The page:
A federal appeals court refused a US-born accused Taliban fighter captured in Afghanistan permission to see lawyers in a case that could have implications for other such detainees. Yaser Hamdi, 21, was detained at Guantanamo Bay in Cuba until US authorities discovered he was born in Louisiana to Saudi parents, and had him transferred to US soil. He is currently being held in a jail on the naval base at Norfolk, VA. The court ruled that in a time of war the US attorney general has the right to hold an enemy combatant in military detention incommunicado. The decision reversed an earlier ruling by a Virginia US district court permitting Hamdi to meet public defender Frank Dunham. Hamdi's lawyers had argued that, as a US citizen, he has the constitutional right to a legal counsel. But Judge J. Harvie Wilkinson disagreed, saying that the district court had not considered the implications of Hamdi's case, such as intelligence gathering. Wilkinson did say that such decisions could still be open to judicial review, to safeguard against the US government indefinitely holding anyone it claimed was an enemy fighter. (See also: WW3 REPORT #s 28, 38, 40

The news comes as accused British shoe-bomber Richard Reid lost a legal battle to have the term "al-Qaeda" dropped from the indictment against him. (See WW3 REPORT #s 5, 25, 26) Reid argued that the wording was inaccurate, but the presiding judge said he was satisfied with the reference being used. (BBC, July 12)

NOTE: Technically, the US is not at war in Afghanistan or anywhere else, because Congress has failed to declare war. See "Is Bush's War Illegal?," WW3 REPORT #11. [top]

The Puget Sound Joint Terrorist Task Force is investigating a possible Islamic terrorist cell in the Seattle area with suspected links to an al-Qaeda recruiter in London as well as the former Taliban leadership in Afghanistan and a "jihad training camp" in rural Oregon, according to interviews and a law enforcement document obtained by the Los Angeles Times. One suspect is described as a US-born Muslim convert who provided computers to the Taliban before Sept. 11. He is also said to have helped recruit a British citizen, now in US military custody, for an al-Qaeda terrorist training camp, the report said. The confidential document, widely distributed to federal investigative and intelligence agencies, warned that suspected cell members may be trying to "identify targets for a terrorist attack." Among items seized after a related arrest were "instructions on poisoning water sources," according to the report. The document also details a suspected terrorist training camp held nearly three years ago at an isolated ranch in Oregon. "In November, 1999, local American Muslim converts with coordination of foreign radical Islamic extremists planned and conducted a jihad training camp in Bly, Oregon," reads the federal alert. "This camp was conducted in concert with Sheik Abu Hamza Al-Masri [of London]." Abu Hamza, an Islamic radical who has publicly praised the 9-11 attacks, is regarded as a leading al Qaeda recruiter in Europe.

Federal authorities warn that the Pacific Northwest--with its broad open spaces, strategic ports and military bases, growing Muslim population and a largely open border with Canada--could be an "easy target." In a June statement, Seattle FBI chief Charles Mandigo said the region receives "a disproportionate high number of terrorism threats."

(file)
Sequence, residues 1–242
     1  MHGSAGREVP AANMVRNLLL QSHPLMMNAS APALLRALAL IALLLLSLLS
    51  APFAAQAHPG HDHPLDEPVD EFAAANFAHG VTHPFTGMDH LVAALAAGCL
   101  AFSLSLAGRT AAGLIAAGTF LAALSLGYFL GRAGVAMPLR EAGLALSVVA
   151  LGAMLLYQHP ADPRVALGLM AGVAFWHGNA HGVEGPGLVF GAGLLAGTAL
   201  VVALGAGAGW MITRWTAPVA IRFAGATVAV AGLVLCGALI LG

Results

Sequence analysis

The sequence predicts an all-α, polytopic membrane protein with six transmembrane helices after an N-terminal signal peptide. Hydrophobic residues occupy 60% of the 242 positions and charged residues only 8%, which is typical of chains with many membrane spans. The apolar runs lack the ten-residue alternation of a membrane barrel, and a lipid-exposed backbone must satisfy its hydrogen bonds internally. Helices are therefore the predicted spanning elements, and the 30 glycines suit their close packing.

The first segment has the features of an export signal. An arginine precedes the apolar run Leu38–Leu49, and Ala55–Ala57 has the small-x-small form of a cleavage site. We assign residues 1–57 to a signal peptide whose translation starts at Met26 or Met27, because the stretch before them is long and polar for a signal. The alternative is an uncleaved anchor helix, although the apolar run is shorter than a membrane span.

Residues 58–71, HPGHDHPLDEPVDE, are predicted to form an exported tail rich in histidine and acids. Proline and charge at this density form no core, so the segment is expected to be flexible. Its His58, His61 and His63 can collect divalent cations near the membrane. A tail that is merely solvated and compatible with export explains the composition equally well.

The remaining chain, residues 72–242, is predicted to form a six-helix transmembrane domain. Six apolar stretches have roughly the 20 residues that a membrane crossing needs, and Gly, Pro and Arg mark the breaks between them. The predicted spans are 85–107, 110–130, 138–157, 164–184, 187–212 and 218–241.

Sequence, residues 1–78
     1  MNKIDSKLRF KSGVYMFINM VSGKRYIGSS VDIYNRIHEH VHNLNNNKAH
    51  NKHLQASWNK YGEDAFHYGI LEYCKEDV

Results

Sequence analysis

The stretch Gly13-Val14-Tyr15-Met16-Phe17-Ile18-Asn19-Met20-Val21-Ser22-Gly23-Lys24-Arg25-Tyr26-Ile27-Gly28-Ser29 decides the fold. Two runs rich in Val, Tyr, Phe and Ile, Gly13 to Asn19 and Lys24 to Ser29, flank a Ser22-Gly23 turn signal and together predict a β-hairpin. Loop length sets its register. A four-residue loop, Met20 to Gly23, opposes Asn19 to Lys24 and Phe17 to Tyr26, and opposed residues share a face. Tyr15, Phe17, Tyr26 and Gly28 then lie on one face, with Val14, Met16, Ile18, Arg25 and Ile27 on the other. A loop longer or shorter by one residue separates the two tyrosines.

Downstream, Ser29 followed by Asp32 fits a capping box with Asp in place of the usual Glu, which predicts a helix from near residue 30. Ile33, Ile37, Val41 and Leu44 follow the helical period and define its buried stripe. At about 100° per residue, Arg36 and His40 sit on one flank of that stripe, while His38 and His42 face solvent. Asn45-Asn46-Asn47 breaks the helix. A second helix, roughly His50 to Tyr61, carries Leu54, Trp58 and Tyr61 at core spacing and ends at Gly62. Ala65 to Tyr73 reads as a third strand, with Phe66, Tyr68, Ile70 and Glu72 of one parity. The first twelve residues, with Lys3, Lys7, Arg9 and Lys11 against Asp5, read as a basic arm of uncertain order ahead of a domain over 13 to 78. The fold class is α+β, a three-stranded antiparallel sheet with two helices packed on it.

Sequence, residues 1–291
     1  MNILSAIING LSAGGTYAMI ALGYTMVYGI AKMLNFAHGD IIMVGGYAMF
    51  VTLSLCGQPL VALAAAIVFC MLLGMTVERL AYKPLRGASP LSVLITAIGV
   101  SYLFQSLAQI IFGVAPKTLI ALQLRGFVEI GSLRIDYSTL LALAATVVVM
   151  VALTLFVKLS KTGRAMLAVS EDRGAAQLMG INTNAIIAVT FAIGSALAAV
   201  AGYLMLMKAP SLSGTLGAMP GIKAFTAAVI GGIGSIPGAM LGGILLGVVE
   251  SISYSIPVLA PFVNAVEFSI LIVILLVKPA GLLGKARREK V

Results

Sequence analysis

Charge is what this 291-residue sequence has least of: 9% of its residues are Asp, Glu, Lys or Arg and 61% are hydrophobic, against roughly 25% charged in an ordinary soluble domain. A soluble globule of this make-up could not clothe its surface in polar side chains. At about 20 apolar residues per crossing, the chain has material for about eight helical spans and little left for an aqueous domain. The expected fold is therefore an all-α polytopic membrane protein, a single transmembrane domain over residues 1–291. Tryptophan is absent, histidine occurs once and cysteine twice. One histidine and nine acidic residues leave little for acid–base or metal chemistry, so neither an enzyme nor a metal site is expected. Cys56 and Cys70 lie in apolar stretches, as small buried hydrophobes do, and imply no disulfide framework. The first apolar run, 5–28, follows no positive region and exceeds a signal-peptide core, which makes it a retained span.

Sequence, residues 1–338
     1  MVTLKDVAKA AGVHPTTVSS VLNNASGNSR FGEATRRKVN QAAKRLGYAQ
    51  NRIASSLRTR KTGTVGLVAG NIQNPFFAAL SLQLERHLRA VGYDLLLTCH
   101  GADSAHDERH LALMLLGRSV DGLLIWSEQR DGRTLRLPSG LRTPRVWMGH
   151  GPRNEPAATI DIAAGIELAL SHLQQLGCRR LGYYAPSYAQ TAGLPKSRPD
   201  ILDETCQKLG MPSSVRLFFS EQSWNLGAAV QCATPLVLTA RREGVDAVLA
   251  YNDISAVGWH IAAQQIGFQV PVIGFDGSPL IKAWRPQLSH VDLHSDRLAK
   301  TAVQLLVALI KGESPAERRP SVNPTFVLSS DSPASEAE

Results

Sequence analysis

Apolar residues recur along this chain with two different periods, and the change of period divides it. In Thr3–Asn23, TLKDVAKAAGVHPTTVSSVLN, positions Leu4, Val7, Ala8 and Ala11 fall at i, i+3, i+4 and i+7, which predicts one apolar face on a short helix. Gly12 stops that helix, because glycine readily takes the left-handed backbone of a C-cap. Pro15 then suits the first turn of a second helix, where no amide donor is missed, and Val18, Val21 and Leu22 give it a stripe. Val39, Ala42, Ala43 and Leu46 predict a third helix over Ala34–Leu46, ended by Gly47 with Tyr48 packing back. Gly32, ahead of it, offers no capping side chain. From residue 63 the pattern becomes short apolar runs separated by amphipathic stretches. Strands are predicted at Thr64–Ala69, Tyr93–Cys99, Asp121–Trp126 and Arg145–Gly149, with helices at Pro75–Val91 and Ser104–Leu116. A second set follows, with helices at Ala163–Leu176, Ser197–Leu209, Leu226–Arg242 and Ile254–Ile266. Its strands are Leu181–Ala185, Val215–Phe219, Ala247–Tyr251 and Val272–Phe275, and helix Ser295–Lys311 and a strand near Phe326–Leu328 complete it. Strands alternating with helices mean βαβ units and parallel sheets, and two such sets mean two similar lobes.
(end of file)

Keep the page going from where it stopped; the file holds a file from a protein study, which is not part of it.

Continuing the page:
The investigation has led to only one arrest. Semi Osman, 32, believed to be a Lebanese national, and a former imam at a Seattle mosque, has been charged with immigration fraud and illegal possession of a semiautomatic 40-caliber handgun with its serial numbers removed. Items seized from Osman's residence at the May arrest reportedly include more firearms, military field manuals, papers by Abu Hamza, instructions on poisoning water supplies, a visa application to Yemen and "various other items associated with Islamic radicalism," according to the document. Osman is an active-duty reservist in the US Navy and a former Army enlistee. Navy investigators are assisting in the investigation. Osman's attorney, Robert M. Leen, said his client has no links to terrorism and is a victim of discrimination.

The ranch in Bly, where Osman lived for a time, was raided by FBI agents last month. But locals were skeptical of claims that a terrorist training camp was held there. "If there was anything unusual going on, if this was some kind of training camp or anything, everyone would have known it," said Kelly Peterson, a worker at a ranch. Residents said Osman, his wife and another Muslim woman living on the property in 1999 kept to themselves and seemed to be raising goats and long-haired sheep.

Word of the investigation came as US Attorney General John Ashcroft told Congress that numerous al-Qaeda sleeper cells remain intact in the US, despite the extensive law enforcement sweeps since the 9-11 attacks. (LAT, July 13) [top]


EXIT POLL: Gul Agha Sherzai: Afghan patriot or US toady??

ONGEPATSHKET OF THE WEEK: Did the Spanish go ongepatshket?

ongepatshket: From Russian pachkat, "to soil, to sully." 1. Slapped together or assembled without form or sense. 2. Messed-up; excessively and unesthetically decorated; overly baroque. ("She wore her new diamond earrings, a necklace, bracelet, two rings and a brooch. Oy, she was ongepatshket!") (The Joys of Yiddish by Leo Rosten, Simon & Schuster, 1968)